Knicks' Walker gets his chance

MIKE GANTER, Toronto Sun

, Last Updated: 8:36 PM ET

Bill Walker is living proof that in sports, it’s all about the opportunity.

Walker the second-year New York Knicks guard out of Kansas State is finally getting his opportunity with his second NBA team in just his second year in the league.

Whether it lasts or not, he’s taking full advantage of what he has been given.

The 6-foot-6, 220 pound Kansas State product arrived in Toronto not just an integral member of the Knicks but, for now at least, a member of the starting five.

That’s a far cry from his first season and a half in the NBA with the Boston Celtics where he had a combined 245 minutes of court time.

“It was just more mentally challenging,” Walker said of his time in Boston, a huge chunk of which he spent in the Development League. “Physically I was able to play every day and do things like that. Dealing with not being able to get on the floor. That was the hardest part. Keeping your mind positive.”

Walker’s get-out-of-jail-free card arrived in the form of a Eddie House for Nate Robinson trade deadline deal in which he followed House to New York.

Walker’s opportunity arrived in a 124-93 blowout loss in Cleveland to the Cavs. Cleveland had built a 26-point lead by the half and extended it to 49.

Walker wound up playing 35 minutes and hitting 9-of-14 from the field for a Knicks high and personal career high 21 points.

“It’s something I have always been able to do,” Walker said before Friday’s game. “I just haven’t had a chance to show it.”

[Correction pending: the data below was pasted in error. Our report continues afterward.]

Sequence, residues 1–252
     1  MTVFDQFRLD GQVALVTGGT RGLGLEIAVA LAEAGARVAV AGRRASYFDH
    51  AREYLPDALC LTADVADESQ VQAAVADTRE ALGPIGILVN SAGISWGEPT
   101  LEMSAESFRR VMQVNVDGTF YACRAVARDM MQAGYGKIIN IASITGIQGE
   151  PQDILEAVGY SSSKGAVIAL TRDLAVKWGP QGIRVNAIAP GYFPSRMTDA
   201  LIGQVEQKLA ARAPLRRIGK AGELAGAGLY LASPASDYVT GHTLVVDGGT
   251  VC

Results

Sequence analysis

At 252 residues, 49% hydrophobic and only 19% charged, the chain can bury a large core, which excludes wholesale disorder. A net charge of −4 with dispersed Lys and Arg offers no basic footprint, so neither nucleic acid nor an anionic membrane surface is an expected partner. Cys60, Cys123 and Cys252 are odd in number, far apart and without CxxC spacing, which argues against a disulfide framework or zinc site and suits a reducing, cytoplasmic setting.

Knicks coach Mike D’Antoni took notice of Walker’s athleticism in the game and rewarded Walker with a start in the next game against the Detroit Pistons.

With the door open, Walker made sure it stayed that way with a new career high 22 point night that included six dunks all but guaranteeing him the start Friday against the Raptors.

Having come through three major knee operations already and finally getting his chance to shine, Walker isn’t taking anything for granted.

“Every day is an opportunity,” Walker said. “ I just have to do my best and capitalize on every minute I get on the court. It could be your last minute. You never know.”

Walker said his first steady taste of the NBA has been made much easier playing alongside Tracy McGrady in the Knicks backcourt.

“He’s a pass-first type of guy,” Walker said. “Most people don’t think so but he’s very charitable. When he’s driving I just try to be in that open lane.”

mike.ganter@sunmedia.ca


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